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Storm moves along, politicians arrive

ST. LOUIS — As Gulf Coast residents confronted a waterlogged landscape of flooded homes and debris-covered streets Friday, tatters of what had been Hurricane Isaac blew toward the parched Midwest, dumping more than a foot of rain, causing flash floods and leaving thousands of people without power.

Heavy rains overwhelmed drainage systems in parts of Arkansas, flooding roads and prompting some emergency rescues. But after a scorching summer, dry soil and low-flowing rivers and streams appeared to be absorbing much of the rain, officials said.

"We've been in a pretty bad drought, and a lot of this rain is being soaked up," said Jayson Gosselin, a meteorologist at the National Weather Service in Weldon Spring, Mo.

Emergency crews in Arkansas, Missouri and Illinois have been bracing for a weekend of heavy rains and lashing winds, sandbagging homes and businesses, and preparing to close roads.

It was the messy denouement of a soaking storm that had poured as much as 2 feet of water across parts of Louisiana and Mississippi.

On Friday, the death toll rose to six when officials in Plaquemines Parish, La., announced they had found the bodies of a middle-aged man and woman in the kitchen of their flooded home.

As waters receded from some neighborhoods on the northern shore of Lake Pontchartrain, officials were slowly restoring electricity to thousands.

Also Friday, the intensifying presidential campaign arrived in full force as Mitt Romney toured damaged areas, his visit drawing attacks from several leading Democrats who said his running mate Rep. Paul Ryan had tried to block disaster relief funds last fall.

The White House announced Friday that President Obama would visit the area on Monday.

Romney made his trip the day after the Republican National Convention; Obama's visit will come the day before the Democrats' convention, raising questions about whether both sides were using Louisiana as a political photo opportunity.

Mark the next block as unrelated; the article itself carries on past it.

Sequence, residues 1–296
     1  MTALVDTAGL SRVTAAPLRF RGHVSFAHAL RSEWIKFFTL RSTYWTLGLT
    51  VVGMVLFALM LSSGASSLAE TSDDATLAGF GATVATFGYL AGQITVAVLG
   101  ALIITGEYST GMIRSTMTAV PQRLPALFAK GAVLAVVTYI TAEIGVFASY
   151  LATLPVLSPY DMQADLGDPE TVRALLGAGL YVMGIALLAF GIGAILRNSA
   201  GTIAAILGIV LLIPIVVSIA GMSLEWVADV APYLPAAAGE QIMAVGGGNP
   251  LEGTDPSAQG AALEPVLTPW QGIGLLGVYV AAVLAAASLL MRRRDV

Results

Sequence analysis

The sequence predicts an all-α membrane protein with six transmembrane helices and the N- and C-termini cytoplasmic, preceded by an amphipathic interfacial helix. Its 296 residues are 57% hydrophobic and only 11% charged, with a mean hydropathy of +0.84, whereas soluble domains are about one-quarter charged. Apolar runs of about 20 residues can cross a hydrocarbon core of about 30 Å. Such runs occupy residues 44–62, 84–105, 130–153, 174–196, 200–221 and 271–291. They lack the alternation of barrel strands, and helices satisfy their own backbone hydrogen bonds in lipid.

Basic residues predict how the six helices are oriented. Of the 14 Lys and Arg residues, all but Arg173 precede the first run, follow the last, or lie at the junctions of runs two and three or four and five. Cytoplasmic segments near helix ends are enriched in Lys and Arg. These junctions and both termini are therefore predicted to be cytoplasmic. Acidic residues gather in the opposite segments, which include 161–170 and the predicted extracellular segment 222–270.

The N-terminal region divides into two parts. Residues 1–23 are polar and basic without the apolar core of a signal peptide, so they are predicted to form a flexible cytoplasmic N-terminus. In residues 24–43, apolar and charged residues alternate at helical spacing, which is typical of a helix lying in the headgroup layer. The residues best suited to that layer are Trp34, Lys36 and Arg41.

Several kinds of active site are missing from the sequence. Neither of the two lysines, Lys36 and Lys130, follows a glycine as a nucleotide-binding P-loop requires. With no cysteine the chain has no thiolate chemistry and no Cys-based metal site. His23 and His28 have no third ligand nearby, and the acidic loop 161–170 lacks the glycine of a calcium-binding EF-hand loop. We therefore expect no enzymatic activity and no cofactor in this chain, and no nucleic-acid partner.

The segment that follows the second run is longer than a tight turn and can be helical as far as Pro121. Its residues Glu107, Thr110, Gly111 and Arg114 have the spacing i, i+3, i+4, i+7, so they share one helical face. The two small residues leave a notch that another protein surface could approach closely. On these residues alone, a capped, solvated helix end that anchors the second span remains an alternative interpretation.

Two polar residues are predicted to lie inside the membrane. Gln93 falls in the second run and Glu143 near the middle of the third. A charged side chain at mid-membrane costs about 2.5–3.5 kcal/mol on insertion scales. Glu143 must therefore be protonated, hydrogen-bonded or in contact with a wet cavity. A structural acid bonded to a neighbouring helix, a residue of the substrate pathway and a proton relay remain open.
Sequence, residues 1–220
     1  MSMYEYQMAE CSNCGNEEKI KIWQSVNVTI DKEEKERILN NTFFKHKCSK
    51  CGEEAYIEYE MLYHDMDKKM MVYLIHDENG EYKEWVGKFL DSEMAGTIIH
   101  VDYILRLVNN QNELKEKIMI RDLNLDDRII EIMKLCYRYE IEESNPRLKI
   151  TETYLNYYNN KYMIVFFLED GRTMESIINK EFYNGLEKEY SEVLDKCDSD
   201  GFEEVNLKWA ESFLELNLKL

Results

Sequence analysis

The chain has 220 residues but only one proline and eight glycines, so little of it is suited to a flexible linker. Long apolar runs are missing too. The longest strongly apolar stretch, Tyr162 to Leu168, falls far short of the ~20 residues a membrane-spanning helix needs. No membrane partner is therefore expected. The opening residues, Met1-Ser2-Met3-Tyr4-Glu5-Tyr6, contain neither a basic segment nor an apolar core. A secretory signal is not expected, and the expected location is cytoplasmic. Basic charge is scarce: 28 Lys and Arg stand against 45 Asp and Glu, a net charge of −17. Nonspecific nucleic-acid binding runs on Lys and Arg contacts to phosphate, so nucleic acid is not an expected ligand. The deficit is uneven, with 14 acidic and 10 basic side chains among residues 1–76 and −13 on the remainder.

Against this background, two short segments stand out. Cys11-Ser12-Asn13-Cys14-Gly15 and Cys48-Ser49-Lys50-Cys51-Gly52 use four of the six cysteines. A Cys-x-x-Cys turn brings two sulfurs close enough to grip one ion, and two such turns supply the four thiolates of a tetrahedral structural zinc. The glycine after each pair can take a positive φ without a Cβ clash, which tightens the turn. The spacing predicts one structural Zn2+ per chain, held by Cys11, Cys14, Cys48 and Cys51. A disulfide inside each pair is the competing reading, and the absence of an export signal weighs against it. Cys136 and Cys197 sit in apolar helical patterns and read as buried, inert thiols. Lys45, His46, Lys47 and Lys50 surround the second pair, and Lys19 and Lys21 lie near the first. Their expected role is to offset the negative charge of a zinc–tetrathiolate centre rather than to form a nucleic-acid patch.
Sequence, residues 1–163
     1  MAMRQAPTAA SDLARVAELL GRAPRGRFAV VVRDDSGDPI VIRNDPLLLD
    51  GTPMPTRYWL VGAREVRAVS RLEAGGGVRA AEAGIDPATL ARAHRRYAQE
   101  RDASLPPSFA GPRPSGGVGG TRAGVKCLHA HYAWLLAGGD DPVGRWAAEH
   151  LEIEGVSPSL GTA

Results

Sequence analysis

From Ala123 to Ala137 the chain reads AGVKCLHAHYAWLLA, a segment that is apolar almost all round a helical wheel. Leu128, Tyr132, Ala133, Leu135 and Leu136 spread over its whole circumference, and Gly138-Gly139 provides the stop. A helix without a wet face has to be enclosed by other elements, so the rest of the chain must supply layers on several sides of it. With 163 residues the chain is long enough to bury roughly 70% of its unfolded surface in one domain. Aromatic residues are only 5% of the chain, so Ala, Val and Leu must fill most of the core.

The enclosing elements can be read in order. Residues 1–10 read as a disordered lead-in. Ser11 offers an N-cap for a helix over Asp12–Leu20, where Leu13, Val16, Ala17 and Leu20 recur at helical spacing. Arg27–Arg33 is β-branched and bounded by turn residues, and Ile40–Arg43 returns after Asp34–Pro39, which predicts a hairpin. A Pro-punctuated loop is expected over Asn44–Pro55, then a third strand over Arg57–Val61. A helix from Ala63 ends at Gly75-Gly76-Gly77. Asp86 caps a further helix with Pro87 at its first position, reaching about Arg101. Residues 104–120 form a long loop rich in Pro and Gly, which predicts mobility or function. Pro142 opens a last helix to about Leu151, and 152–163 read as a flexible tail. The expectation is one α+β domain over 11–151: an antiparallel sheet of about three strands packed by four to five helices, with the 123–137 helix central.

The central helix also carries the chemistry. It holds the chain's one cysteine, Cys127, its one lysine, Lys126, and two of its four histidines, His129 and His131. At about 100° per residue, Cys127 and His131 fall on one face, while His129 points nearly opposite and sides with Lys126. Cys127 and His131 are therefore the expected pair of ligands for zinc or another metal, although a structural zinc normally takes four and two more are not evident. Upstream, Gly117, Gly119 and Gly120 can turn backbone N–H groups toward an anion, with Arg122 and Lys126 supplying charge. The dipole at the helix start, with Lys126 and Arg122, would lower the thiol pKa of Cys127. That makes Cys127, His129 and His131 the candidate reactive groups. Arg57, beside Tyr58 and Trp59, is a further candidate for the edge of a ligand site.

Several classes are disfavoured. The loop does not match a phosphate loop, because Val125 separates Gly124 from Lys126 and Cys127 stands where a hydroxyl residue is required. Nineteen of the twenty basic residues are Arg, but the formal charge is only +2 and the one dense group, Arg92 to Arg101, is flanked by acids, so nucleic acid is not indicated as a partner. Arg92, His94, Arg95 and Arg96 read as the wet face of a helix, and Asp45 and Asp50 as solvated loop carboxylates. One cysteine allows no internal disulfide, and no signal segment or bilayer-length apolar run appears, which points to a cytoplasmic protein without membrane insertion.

"It is the height of hypocrisy for Mitt Romney and Paul Ryan to make a pretense of showing sympathy for the victims of Hurricane Isaac when their policies would leave those affected by this disaster stranded and on their own," Senate Majority Leader Harry M. Reid, D-Nev., said in a statement.

Stuart Stevens, Romney's top political strategist, dismissed the criticism, noting that Romney has been in touch with Louisiana Gov. Bobby Jindal and Mississippi Gov. Phil Bryant, both Republicans, and came to Louisiana at Jindal's invitation.

Obama planned "to meet with local officials and view ongoing response and recovery efforts to Hurricane Isaac," the White House said. Because of that trip, Obama canceled a planned campaign visit to Cleveland as part of a tour of swing states ahead of the Sept. 4-6 Democratic National Convention in Charlotte, N.C. But he was sticking with the rest of a three-day trip starting today to Iowa, Colorado and Toledo, Ohio.

White House press secretary Jay Carney told reporters Friday aboard Air Force One that Obama's trip to Louisiana was planned before Romney announced his own visit.

Romney met with residents and local officials in the town of Lafitte.

"We really appreciate you coming here," Jindal said.

"I appreciate the chance to be here," Romney replied. "I have a lot of questions for you." The two discussed evacuation procedures and the contributions of aid organizations. "Did the water come from the sky, or the rivers, or the ocean?" Romney asked. Jindal's response was not audible to reporters.

Information from the New York Times and Washington Post was used in this report.

Storm moves along, politicians arrive 08/31/12 [Last modified: Friday, August 31, 2012 11:12pm]
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